Friday, May 09, 2008

From Tourist to Local in 24 Hours

From my journal on Wednesday morning, after having been locked out of the house without my luggage:

Actually on my way to Japan by myself. I can't believe this is happening. This, so far, is the best decision I have ever made.

5/8/08, On the Plane

Same day on my personal clock, but tomorrow! I've crossed the international date line! Never done that before. According to the Northwest Info screen, Tokyo is 16 hours ahead of Seattle. Huh.

Note to self: Flying sick is the worst thing ever. I seriously thought my head was going to explode.

5/8/08, Just an Hour Later

I have visited two Japanese bathrooms (looking for tissue, and also looking for a really high tech toilet, found the former but not the latter). Have successfully bought a cold green tea from a vending machine and a pack of gum from a kiosk. Have leanred that the right way to say "thank you" is to say it all at once, with emphasis on the Do: DOmoarigato. I think I can do that.

I find the Japanese signage, packaging, and everything endlessly fascinating, despite not being able to hear out of one ear. (Leftover from plane ride.) A lady next to me on the train is playing Sodoku, probably a Japanese game in the first place. Numbers are the same in every language, always a comfort--at least buying things is easy! (A little too easy. Suddenly I wish I were bad at math.)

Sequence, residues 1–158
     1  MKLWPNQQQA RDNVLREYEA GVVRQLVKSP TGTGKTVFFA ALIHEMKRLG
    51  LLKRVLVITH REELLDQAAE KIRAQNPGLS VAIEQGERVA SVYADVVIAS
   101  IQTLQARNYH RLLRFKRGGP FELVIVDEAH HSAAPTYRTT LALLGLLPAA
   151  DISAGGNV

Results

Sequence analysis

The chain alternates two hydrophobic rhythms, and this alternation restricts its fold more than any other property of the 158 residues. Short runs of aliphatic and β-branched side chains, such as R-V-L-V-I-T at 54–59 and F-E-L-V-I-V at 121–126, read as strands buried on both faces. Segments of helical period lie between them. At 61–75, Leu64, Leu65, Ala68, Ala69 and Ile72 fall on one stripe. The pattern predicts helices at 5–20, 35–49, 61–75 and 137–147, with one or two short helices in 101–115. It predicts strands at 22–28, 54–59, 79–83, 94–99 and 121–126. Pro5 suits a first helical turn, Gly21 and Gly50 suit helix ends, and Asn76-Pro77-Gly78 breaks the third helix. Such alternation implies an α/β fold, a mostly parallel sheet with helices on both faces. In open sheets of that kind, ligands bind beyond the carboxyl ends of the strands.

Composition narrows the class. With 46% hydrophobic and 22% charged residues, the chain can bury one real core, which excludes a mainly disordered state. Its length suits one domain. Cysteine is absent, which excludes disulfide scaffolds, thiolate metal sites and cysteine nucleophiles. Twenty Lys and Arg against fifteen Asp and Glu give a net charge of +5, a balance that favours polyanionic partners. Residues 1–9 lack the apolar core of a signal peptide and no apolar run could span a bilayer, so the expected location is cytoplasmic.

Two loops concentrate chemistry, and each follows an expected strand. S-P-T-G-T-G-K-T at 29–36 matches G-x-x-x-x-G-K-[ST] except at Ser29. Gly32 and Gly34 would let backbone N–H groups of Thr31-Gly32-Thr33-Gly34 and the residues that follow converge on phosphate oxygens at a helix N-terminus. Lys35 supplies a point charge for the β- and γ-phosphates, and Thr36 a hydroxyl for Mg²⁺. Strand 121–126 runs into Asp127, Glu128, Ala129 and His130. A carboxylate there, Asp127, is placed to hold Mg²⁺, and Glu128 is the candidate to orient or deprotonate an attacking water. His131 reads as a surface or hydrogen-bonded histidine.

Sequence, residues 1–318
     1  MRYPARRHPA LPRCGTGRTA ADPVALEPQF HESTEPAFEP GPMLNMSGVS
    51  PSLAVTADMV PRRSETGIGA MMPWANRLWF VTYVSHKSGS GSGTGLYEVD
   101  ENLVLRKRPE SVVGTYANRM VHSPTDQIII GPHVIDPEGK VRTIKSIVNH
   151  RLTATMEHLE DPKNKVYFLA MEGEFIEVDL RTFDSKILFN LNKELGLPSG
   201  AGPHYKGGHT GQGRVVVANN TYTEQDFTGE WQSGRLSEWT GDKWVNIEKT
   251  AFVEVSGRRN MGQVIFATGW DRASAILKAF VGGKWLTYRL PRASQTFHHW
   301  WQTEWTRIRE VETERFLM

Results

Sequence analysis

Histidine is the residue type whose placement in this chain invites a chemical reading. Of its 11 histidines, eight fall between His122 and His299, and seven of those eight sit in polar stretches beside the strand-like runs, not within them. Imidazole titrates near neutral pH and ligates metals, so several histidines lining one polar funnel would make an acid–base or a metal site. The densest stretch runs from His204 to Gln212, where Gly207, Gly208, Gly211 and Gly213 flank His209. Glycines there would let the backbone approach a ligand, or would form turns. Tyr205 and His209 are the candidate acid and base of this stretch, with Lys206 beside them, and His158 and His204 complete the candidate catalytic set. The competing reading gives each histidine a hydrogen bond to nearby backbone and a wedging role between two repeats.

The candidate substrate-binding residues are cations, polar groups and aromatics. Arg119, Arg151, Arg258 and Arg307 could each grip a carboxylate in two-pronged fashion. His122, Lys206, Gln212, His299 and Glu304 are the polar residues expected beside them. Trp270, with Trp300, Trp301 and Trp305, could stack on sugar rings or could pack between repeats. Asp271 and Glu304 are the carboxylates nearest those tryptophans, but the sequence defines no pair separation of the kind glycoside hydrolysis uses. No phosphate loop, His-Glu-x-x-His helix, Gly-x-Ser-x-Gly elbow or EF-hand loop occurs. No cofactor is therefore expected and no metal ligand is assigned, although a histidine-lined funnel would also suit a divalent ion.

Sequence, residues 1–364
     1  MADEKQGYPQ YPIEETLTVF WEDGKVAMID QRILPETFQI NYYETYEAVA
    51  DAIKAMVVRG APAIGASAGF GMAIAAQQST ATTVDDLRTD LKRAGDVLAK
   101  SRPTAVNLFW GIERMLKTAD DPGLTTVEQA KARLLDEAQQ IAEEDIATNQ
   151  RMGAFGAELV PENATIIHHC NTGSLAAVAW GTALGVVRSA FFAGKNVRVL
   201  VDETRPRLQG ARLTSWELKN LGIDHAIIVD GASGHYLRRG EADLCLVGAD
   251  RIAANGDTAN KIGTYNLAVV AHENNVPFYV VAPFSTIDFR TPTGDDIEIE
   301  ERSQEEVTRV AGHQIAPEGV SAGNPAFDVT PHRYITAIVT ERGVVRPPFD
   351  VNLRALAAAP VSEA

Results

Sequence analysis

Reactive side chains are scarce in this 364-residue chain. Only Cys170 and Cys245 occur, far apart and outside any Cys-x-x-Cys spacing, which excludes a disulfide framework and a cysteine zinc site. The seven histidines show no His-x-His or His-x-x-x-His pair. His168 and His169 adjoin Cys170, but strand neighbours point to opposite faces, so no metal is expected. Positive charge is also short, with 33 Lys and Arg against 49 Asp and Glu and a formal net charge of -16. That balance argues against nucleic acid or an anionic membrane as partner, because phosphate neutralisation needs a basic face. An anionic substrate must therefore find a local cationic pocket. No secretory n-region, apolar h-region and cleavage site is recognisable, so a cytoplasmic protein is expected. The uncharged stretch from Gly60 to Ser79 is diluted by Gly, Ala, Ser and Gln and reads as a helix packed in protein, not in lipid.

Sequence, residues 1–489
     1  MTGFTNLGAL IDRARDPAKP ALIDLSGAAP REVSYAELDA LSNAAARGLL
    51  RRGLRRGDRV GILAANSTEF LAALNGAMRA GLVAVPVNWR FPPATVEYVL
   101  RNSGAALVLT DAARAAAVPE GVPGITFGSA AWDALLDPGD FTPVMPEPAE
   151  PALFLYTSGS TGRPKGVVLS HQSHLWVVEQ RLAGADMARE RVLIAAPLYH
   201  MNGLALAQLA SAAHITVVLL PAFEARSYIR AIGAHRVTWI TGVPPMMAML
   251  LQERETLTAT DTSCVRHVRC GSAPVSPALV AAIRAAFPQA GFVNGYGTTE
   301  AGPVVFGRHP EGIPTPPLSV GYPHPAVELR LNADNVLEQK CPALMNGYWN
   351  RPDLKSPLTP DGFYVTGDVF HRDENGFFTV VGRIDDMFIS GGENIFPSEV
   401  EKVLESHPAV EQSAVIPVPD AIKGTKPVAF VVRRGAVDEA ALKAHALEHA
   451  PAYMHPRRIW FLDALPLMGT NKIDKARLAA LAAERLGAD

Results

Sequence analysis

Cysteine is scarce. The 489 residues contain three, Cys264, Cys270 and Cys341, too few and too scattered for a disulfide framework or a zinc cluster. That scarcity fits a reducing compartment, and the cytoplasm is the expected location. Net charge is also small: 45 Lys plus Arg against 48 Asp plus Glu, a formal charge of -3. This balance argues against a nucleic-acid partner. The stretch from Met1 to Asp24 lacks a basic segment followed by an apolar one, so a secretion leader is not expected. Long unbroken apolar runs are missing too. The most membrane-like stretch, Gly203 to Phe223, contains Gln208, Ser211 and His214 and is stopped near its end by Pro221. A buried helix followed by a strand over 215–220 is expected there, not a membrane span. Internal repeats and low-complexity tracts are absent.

I felt so miserable on the plane that I briefly considered flying home again and crawling into bed. Never have I felt that pessimistic on the start of a trip, even business trips. I felt--and still feel--truly awful, although the excitement of being somewhere new--and interaction with other humans, even more critical, even something as little as learning to say hello--has helped a great deal.

5/8/08, Still Later

I have learned many important things.

1. Make sure the signature you use on your traverler:s checks is consistent. Don't use the long version to buy them and the short version to turn them in for cash, and especially, on the only one you bought using the short version, don't decide to cash it in using the long version. You will cause yourself and some older Japanese men several minutes of anxiety. In the end I think they just gave me my money to be rid of the crazy foreign lady.

2. Using the toilet is apparently not foolproof. In many public bathrooms, they have bidets--female urinals, a great idea--and I cannot use them. I tried once, and am sure I got it all wrong. Now after 24 hours in Japan I will still walk a long way to find a western-style toilet.

3. Shoes that you thought were comfortable won't be after 12 hours on your feet.

4. Even after being up for 36 hours, jet lag will still hit you hard at 3:30 am. Be productive and just get up.

More to come, on how I felt pretty hip and local-like until I ordered four meals worth of food and it was all brought to my table.

Miss everyone, enjoying myself hugely.


Megha Bansal said...

I have always wanted to visit Japan! it's such an exciting and innovative place. I would feel very lost I think, but it's worth the effort!

You have fun there and I think you're doing really well, considering it's a country whose language you don't speak and is probably not easy to master!


Aarwenn said...

Hi Megha,

THANK YOU! Really enjoyed your comment! (Flattery will get you everywhere.) ^-^